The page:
Making tracks: Friends since high school, Charity Kiss is now eight years in—and climbing the ladder 

Per their Spotify biography, Reno’s Charity Kiss promises “scrappy desert rock with just an iddy biddy bit of twang.” Given the genre-defying state of modern music, it’s about as apt of a description as anyone could come up with. 

On their latest EP, Victor Riley’s a Coward, listeners will find the young musicians maturing in their sonic aspirations. With a new lineup, a more intentional songwriting process, and a few big shows under their belts, the members of the Reno rock group have set their eyes on bigger and better things—while continuing to celebrate their roots. 

Friends since high school, the bandmates have spent years developing a sound born of complementary musical tastes, and a brotherhood forged by days and nights spent in a cramped tour van chasing a shared dream. They got their start, however, navigating a scene that felt unfamiliar and, at times, unsupportive. 

“When we started the band in high school, we had no idea about anything with music—we didn’t really know how to play our instruments,” said vocalist and rhythm guitarist Patrick Hansen. “We got our first show at, like, a dive bar in Sparks, and it was terrifying. There was nobody there. I was 16 or 17, and some dudes were doing cocaine in the bathroom.” 

At the time, most of the members of Charity Kiss were performing as another band called Color T.V., which included Hansen, the aptly named Nate Drum on drums, and lead guitarist Cole Hendriks. Like many young musicians in the Reno scene, though, Charity Kiss eventually found a venue and a like-minded community in the Holland Project—as well as a future band member in Cooper Conway. 

“They called me, and I couldn’t refuse the offer,” Conway said. 

Victor Riley’s a Coward, released in October 2023, is Charity Kiss’ first recorded offering with Cooper as part of the group. The members agree that the new EP is emblematic of their growth as musicians over the eight years they’ve played together. 

“You can really feel the flavor that each individual person is bringing,” said Hendriks. “I think we all had a bit more of a taste for our instruments and what we wanted to do individually. And I think that’s why we’re so happy with the songs as opposed to others.” 

The EP came together in a marathon recording session between tour dates in the spring of 2023—a testament to the band’s chemistry, the members said. 

“I’m very surprised (at) the matter of time that we did that—three days. (In) the other bands that I’ve been in, it’s taken like a week to do five songs, if not more,” Conway said. “We went in there, and just one after the next one, after the next one, after the next—14-hour sessions—and to walk out with that product, it’s pretty sweet.” 

The result is a punchy, well-produced sonic adventure that mixes elements of surf-rock, frenetic punk energy, indie country twang and whatever else the boys felt like throwing in during those three days sleeping on the studio floor.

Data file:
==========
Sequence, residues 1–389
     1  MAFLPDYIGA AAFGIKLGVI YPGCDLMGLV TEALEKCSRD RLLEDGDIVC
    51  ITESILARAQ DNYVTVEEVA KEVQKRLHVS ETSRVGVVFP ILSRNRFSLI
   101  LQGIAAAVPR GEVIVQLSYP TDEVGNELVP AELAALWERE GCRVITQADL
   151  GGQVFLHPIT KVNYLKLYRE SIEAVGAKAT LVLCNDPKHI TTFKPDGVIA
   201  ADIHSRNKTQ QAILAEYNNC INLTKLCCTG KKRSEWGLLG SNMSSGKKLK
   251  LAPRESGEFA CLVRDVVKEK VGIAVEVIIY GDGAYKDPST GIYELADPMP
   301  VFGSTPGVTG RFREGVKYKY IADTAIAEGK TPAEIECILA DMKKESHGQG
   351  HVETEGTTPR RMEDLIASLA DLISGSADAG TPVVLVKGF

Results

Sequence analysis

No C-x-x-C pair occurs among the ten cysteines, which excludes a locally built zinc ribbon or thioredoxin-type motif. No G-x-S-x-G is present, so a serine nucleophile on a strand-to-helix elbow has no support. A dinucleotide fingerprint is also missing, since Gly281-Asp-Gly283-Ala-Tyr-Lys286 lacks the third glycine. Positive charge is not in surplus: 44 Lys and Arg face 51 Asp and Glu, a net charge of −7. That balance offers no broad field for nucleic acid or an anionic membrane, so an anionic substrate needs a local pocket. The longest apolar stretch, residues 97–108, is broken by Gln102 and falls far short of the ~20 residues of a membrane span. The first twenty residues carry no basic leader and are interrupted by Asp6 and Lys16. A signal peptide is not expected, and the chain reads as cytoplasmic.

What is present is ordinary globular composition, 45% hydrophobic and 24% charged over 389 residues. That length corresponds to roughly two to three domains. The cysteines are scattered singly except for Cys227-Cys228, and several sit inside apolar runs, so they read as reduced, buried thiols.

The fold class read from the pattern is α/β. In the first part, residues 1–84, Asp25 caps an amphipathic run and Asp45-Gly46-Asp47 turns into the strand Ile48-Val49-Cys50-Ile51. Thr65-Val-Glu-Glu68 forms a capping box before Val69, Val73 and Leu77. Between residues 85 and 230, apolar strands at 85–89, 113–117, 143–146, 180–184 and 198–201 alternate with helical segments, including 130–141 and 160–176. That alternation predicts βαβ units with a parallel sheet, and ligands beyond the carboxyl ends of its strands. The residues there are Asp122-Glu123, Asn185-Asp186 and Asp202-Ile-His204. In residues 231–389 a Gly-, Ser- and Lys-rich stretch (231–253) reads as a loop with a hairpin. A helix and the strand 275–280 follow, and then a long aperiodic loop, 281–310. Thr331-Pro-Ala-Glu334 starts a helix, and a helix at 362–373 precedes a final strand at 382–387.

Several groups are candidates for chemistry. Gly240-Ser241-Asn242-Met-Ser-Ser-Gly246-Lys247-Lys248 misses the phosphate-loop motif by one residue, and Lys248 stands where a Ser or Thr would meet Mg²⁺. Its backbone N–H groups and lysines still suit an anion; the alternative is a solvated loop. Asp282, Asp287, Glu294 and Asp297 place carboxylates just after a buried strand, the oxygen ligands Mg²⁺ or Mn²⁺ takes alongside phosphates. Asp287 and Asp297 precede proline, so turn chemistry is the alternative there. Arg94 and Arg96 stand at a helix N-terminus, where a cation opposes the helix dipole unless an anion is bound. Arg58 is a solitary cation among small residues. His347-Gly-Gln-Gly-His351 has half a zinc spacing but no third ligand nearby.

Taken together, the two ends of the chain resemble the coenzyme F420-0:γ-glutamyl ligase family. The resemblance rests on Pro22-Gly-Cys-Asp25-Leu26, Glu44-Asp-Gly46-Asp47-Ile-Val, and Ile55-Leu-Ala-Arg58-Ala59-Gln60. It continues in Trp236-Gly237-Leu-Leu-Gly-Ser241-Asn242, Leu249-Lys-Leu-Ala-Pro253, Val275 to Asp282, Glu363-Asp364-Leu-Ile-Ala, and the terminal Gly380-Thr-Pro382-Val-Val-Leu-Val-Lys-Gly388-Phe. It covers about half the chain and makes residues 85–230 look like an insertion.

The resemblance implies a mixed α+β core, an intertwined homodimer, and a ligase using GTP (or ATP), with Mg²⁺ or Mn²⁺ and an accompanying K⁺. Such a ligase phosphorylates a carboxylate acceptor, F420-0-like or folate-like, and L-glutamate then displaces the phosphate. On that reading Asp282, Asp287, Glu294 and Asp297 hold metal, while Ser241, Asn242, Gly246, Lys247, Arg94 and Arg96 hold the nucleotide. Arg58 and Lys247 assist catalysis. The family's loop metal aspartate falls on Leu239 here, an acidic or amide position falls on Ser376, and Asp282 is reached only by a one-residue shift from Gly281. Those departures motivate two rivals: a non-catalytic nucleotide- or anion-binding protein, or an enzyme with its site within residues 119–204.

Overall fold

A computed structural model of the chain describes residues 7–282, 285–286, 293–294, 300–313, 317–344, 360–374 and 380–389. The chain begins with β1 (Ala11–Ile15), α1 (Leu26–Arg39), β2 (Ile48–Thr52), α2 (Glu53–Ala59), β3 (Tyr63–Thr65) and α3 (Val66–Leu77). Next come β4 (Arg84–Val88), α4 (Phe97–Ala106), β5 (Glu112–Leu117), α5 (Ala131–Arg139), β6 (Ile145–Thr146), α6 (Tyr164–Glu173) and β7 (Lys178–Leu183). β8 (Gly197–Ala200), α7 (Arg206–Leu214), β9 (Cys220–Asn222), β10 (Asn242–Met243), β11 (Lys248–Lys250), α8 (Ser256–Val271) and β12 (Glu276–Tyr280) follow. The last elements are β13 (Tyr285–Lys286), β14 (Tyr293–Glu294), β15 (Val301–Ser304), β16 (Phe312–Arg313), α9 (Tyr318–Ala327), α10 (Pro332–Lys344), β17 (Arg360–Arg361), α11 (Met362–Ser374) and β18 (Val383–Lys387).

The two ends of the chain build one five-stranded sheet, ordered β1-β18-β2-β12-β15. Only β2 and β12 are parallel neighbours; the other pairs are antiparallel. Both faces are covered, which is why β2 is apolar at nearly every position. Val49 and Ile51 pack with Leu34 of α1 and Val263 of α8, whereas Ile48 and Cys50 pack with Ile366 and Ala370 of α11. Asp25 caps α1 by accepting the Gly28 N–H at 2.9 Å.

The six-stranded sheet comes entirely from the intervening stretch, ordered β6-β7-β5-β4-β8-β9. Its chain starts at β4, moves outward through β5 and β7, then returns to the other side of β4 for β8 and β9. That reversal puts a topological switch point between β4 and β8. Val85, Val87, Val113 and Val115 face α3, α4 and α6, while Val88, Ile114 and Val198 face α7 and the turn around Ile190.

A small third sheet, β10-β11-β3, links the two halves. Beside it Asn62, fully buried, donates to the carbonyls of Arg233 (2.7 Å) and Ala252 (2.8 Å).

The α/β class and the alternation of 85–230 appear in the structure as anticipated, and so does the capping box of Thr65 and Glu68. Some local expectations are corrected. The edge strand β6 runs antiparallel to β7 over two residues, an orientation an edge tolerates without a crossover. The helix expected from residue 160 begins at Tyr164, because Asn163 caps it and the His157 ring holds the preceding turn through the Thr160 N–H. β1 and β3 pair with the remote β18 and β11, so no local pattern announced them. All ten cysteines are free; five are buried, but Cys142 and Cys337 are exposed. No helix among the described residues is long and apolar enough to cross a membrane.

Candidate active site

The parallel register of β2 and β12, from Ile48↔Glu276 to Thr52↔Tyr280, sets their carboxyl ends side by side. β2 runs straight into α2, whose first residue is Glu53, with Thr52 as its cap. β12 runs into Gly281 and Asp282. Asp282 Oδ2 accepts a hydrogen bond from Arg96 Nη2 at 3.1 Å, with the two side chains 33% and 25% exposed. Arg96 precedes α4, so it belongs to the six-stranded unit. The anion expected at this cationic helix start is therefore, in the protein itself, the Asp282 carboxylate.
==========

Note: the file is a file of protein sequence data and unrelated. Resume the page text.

“Destination Double Bridge” is a raucous, stripped-down groove that feels like riding along in the tour van with the band screaming “la la laaaa” out of the open windows. It’s impossible to listen to without smiling, and it’s a standout against moodier, more contemplative tracks that follow. 

“Mind of a Criminal” and “Roll Over Ben Stiller” traverse a more sober soundscape, artfully blending the shimmer and twang of indie rock with the complex, noodling riffs indicative of the Midwest emo sound. 

The metaphorical joyride takes the listener to even stranger country on the instrumental “Can I Just Put You on Hold Really Quick?” with its experimental riffs and guitar themes. Finally, “Cellars”—the last track on the EP—arrives at a country-adjacent ballad, prominently featuring Hansen’s acoustic guitar and a delightfully melancholic vibe. It feels like, at last, the engine has given out somewhere on the side of a desert highway, but at least we had some good times while it lasted. 

And who is Victor Riley, anyway? 

“We were messing around with names, and we liked the ring of ‘blank is a coward,’” Drum said. “It was like this idea of calling out a celebrity just randomly, this little band from Reno being like, ‘Hey, you’re a douche.’ The idea of them waking up and maybe they’d see it, it’d be funny.”  

They initially thought of Jack White, and then decided to invent a name. Later, the band learned that their made-up celebrity name also belonged to an ex-NFL player who was charged with ramming his car into another containing his wife and infant daughter in 2001. 

“We had no idea,” Conway said. “I (told) the band, and we were like, ‘Well, I guess it kind of works.’” 

In the months since Victor Riley’s release, the band has been busy. In their own words, they got back from a “brutal” tour and decided to take a break from their extensive performance schedule while they work on new music—but not before playing at Boise’s well-known Treefort Music Festival last March. 

Charity Kiss has always prioritized touring, but only recently have they started to find actual fans at some of their stops. It’s a surreal feeling, they said, but with more than 3,000 followers on Instagram and thousands of monthly listeners on Spotify, the digital metrics, at least, point to the band becoming a well-known representative of the Reno scene. 

“Right now, the cool thing to do is, like, shit on Reno, but I have a lot of pride in Reno and where we came from,” Hansen said. “We’re scrappy, you know; we try to incorporate that into our music and our ethos. I think the DIY spirit in Reno is actually really surprisingly strong and efficient—and so there’s a lot to be proud of.” 

Charity Kiss hopes to record their new album sometime soon. Meanwhile, listeners can find Victor Riley Is a Coward on the band’s Spotify.